This May Be the Best Time of Year to Get Pregnant; Find Out Why
If you are ready to expand your family, winter and early spring is the best time of year to try to get pregnant. Researchers have found that men’s sperm are at their healthiest during this time of year.
Researchers at the Ben-Gurion University of the Negev in Israel collected and analyzed 6,455 semen samples from men at their fertility clinic between January 2006 and July 2009. Of the men who had normal sperm counts (anything over 16 million sperm per milliliter), the highest counts were recorded during the winter (average 70 million sperm per milliliter) and early spring (68 million sperm per milliliter.) Of those, about 3-5% of those sperm had fast motility, further improving a couple’s chance of getting pregnant.
Although the relationship was not as strong, the men with abnormal sperm production had better motility during the fall and made the largest percentage of “normal” sperm in the spring.
Sperm morphology (size and shape of a sperm) were also noted to be more normal during the spring. Researchers theorize, based on previous animal studies, that factors that account for this phenomenon include temperature, length of daylight exposure, and hormone variations.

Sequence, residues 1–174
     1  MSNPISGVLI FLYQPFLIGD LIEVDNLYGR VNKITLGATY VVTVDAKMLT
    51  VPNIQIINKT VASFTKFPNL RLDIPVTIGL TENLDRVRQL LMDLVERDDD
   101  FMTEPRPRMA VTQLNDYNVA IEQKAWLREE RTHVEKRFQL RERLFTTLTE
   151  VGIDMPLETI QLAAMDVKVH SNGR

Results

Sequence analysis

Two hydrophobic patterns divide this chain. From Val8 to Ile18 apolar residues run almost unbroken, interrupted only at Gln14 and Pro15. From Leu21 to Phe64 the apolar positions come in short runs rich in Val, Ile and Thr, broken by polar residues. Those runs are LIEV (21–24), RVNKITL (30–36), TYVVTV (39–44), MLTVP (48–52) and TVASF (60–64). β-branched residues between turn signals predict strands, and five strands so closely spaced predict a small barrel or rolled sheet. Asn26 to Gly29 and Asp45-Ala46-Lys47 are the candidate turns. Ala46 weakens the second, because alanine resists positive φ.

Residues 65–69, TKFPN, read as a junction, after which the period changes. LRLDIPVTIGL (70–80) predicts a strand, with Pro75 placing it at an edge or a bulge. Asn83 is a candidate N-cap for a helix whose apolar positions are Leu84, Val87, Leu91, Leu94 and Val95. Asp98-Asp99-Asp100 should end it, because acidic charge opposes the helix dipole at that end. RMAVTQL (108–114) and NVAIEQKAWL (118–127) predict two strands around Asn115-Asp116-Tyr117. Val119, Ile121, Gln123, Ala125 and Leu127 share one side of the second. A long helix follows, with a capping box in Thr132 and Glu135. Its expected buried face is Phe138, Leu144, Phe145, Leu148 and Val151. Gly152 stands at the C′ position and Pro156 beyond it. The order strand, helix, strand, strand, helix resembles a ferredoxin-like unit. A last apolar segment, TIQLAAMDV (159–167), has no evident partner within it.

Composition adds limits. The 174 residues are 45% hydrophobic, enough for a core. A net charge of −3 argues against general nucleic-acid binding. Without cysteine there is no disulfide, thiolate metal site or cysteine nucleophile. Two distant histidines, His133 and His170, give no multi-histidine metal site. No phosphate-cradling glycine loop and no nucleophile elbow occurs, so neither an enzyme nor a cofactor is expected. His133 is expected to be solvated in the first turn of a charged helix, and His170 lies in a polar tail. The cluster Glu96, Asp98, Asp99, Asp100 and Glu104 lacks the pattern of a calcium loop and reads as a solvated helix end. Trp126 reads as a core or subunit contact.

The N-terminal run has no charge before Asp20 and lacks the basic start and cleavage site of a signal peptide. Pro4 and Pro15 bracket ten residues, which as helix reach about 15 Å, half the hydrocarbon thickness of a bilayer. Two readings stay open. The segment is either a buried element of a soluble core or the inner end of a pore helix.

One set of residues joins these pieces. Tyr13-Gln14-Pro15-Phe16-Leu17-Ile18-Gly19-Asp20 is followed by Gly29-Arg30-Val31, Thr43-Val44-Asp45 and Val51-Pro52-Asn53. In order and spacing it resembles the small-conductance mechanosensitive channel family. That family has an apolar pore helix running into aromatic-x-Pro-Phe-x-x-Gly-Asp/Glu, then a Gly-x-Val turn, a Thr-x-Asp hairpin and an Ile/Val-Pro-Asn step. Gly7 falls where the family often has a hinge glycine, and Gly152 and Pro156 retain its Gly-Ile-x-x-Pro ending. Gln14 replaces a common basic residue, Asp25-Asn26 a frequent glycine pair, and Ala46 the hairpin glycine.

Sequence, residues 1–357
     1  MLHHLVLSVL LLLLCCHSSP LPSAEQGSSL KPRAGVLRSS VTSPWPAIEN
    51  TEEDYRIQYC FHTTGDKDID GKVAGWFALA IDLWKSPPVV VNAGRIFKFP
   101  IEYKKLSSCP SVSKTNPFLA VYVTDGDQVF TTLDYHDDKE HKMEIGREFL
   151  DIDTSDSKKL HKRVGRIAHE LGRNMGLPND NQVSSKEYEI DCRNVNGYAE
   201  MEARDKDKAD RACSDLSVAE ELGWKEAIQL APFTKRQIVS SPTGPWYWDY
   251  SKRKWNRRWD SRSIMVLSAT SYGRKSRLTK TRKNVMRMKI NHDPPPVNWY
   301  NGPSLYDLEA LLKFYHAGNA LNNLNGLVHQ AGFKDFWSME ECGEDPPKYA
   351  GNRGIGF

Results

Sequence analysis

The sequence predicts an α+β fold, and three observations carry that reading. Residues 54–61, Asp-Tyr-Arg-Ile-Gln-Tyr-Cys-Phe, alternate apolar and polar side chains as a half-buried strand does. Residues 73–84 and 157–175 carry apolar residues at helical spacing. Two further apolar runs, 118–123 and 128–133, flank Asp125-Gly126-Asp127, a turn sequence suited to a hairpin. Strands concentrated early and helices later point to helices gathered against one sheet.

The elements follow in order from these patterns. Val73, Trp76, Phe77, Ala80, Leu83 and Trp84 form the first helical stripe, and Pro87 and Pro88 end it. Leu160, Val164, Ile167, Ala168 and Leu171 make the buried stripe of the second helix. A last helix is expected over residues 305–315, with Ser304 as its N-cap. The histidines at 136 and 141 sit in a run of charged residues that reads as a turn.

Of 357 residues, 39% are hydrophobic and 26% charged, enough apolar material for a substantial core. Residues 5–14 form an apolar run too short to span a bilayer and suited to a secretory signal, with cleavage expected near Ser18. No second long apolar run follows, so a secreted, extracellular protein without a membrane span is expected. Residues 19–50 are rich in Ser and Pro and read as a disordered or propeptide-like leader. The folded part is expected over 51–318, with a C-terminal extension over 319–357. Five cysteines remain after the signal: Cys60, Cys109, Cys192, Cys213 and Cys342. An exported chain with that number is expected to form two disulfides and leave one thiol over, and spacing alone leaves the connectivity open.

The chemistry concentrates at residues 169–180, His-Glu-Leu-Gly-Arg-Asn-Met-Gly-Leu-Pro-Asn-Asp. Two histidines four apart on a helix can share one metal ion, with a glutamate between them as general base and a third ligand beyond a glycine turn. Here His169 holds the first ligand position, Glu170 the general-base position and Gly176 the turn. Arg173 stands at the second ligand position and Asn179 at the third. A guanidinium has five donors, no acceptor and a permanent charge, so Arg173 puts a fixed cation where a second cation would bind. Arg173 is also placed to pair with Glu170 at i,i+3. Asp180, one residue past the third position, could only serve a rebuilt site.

"Based on our results the (normal) semen will perform better in winter, whereas infertility cases related to low sperm counts should be encouraged to choose spring and fall," wrote lead researcher Eliahu Levitas MD.
Doctors aren’t likely however to tell couples to wait until a certain season to begin trying to conceive. "We would continue to encourage them to try regardless of the season, and they may benefit from interventions or treatments," conclude the research authors.
Meanwhile, men can take further steps to improve their sperm count through some simple lifestyle changes:
1. Be less sedentary. There has recently been an association made between inactivity during television watching and low sperm count.
2. Quit smoking and decrease use of alcohol.
3. Lose weight if you are overweight through healthy diet and exercise. Be sure to get in all of the essential nutrients you need each day, especially omega-3 fatty acids.
4. Avoid overheating. Frequent use of saunas, hot tubs and laptop computers can overheat the testicles
5. and decrease sperm production.
6. Avoid certain chemicals, such as pesticides, and heavy metals, such as lead, cadmium and arsenic. Also limit exposure to BPA.
7. Stress, both physical and emotional, can inhibit sperm count by interfering with certain hormones.
Eliahu Levitas MD et al. Seasonal variations of human sperm cells among 6455 semen samples: a plausible explanation of a seasonal birth pattern. American Journal of Obstetrics and Gynecology. published online 11 February 2013